The Undercliff Trail continues descending along the shoulder of Bull Hill and soon reaches an east-facing viewpoint over the hills of Fahnestock State Park.
The cleared strip of land and stone building visible in the distance, is the Catskill Aqueduct.
Here, the trail turns right as your facing the view. There are unmarked trails that lead north and I walked briefly in that direction, but stopped when I didn’t see any yellow blazes. It took a few minutes to spot the next blaze. The Undercliff Trail continues to descend, entering the Nelsonville Nature Preserve.
The Undercliff Trail, once in the preserve, is marked by yellow “Nelsonville Footpath” blazes.
As we were descending along the trail, I saw a very large bear print in the dirt, right on the trail. At the base of the descent, the Undercliff Trail reaches a T-junction with a wide woods road, the route of the green-blazed Nelsonville Trail from earlier in the hike.
We turned right and were now retracing our steps from the beginning of the hike. We followed the joint Undercliff/Nelsonville Trail a short distance.
Just up ahead, the Undercliff Trail continues straight as the Nelsonville Footpath turns left onto another woods road. We turned left, following the green blazes.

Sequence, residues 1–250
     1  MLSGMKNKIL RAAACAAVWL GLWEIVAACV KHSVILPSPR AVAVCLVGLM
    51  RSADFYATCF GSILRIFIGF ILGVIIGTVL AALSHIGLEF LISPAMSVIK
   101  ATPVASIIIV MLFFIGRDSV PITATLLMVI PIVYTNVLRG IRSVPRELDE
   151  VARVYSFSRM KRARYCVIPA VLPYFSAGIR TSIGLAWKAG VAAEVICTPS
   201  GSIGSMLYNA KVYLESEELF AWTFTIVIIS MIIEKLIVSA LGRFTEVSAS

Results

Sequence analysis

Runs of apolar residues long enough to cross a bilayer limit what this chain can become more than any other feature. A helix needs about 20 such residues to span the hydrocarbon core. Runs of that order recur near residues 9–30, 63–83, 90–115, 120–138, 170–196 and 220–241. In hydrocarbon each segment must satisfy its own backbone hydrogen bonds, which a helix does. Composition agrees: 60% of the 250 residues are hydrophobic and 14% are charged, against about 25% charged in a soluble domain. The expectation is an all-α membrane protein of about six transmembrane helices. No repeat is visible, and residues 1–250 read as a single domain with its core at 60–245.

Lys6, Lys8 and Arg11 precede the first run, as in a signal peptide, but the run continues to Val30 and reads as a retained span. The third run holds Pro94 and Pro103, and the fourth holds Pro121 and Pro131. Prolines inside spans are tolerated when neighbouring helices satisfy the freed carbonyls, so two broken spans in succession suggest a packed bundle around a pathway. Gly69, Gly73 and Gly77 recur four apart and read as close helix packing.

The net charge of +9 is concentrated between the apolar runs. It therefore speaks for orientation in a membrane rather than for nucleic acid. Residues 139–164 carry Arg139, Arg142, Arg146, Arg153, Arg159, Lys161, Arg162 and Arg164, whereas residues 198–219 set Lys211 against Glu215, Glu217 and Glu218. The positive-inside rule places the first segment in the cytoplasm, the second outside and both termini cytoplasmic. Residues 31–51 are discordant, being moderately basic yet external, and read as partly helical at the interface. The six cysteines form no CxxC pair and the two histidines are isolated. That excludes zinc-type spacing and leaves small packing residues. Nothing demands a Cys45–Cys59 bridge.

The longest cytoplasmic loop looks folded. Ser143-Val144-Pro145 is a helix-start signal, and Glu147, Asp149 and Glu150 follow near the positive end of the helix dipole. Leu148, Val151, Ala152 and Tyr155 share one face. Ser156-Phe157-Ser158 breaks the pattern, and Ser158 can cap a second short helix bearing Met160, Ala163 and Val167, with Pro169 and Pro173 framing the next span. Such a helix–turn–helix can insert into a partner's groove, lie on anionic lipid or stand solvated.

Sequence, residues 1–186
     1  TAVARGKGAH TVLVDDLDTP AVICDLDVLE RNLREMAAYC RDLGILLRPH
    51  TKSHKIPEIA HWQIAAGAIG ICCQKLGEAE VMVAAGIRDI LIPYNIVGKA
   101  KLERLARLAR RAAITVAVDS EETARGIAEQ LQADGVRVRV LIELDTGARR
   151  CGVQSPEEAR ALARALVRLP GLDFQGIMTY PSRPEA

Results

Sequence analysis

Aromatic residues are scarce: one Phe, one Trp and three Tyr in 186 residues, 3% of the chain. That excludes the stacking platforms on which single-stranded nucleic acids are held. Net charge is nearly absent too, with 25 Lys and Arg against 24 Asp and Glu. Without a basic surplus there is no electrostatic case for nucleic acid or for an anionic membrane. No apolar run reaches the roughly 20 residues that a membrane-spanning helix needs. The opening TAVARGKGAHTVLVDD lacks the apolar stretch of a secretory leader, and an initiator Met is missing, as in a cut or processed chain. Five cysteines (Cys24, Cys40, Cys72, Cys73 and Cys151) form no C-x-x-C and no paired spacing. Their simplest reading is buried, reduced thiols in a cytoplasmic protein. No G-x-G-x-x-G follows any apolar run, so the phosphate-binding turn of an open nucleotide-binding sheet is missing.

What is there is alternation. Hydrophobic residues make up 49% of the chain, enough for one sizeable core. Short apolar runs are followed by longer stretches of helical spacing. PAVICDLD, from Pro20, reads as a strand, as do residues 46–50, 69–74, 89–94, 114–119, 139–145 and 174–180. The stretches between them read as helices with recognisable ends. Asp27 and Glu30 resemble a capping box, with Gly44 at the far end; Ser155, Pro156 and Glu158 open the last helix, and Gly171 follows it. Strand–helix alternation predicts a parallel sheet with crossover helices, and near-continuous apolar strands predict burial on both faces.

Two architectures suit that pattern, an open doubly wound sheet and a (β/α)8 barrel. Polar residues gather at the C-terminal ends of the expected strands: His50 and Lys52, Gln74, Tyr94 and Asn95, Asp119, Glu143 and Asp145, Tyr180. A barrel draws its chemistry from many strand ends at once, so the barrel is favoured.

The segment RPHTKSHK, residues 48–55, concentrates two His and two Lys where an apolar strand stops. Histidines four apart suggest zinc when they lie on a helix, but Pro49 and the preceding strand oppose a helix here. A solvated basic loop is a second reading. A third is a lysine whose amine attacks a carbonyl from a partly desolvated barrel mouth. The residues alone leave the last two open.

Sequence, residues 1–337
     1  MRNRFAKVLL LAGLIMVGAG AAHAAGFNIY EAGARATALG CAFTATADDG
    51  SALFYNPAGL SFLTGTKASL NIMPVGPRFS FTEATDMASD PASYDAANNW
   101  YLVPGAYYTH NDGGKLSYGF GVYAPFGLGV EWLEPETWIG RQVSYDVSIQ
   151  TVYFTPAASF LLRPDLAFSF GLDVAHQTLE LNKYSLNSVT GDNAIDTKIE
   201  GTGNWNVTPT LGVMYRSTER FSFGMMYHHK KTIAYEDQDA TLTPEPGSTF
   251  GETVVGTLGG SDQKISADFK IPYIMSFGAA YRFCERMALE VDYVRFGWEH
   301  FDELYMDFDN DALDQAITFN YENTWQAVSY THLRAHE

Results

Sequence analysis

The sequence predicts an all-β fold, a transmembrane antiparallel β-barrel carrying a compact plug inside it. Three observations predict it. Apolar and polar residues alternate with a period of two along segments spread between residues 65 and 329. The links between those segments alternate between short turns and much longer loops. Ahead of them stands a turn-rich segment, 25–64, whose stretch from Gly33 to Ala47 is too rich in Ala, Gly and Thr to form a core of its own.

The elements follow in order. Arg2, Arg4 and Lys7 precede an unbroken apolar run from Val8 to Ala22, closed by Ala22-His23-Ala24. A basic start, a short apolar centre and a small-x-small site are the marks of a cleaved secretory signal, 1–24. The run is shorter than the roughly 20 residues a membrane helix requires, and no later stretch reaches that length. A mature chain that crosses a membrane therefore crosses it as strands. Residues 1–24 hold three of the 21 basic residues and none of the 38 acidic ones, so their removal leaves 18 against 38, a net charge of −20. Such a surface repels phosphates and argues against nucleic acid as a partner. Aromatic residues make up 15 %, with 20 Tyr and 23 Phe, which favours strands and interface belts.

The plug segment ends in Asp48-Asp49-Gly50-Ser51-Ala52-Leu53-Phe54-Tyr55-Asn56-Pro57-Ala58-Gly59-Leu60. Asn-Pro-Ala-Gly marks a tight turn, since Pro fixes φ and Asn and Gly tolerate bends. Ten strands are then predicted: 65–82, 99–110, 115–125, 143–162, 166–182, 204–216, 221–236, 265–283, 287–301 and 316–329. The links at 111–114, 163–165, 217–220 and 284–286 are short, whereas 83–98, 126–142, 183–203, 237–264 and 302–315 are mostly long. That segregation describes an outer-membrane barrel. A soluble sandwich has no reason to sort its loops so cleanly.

We crossed the small wooden footbridge and turned right.
A short distance later we crossed the second footbridge,
and walked a short distance back to the trailhead on Secor Street, where the hike began.
This was a tough hike, but truly rewarding. Once up near the summit, the views were seemingly endless. I could have done without the crowds, but with a train stop just across 9D, perfect weather, it being a Saturday and the first day of Autumn, there was bound to be plenty of foot traffic. The only crowds we encountered were on the Washburn Trail. The rest of the hike we only passed a few people. If you haven’t hiked Bull Hill, give it a try, it’s worth it.
Pros: Sweeping Hudson River views, challenging hike, a good weekday hike (avoid the crowds), well marked trails.
Cons: A lot of foot traffic on the Washburn Trail, parking can be an issue.
Take a hike!
I was looking for a hike to Bull Hill from a different side to avoid crowds on 9D. Not only your directions were perfect, but i found that parking lot you mentioned on Gate House Road which was empty except for 2 cars! 9D was a nightmare, not one parking spot. You saved my day! Thank you!
You’re quite welcome, glad that I could help.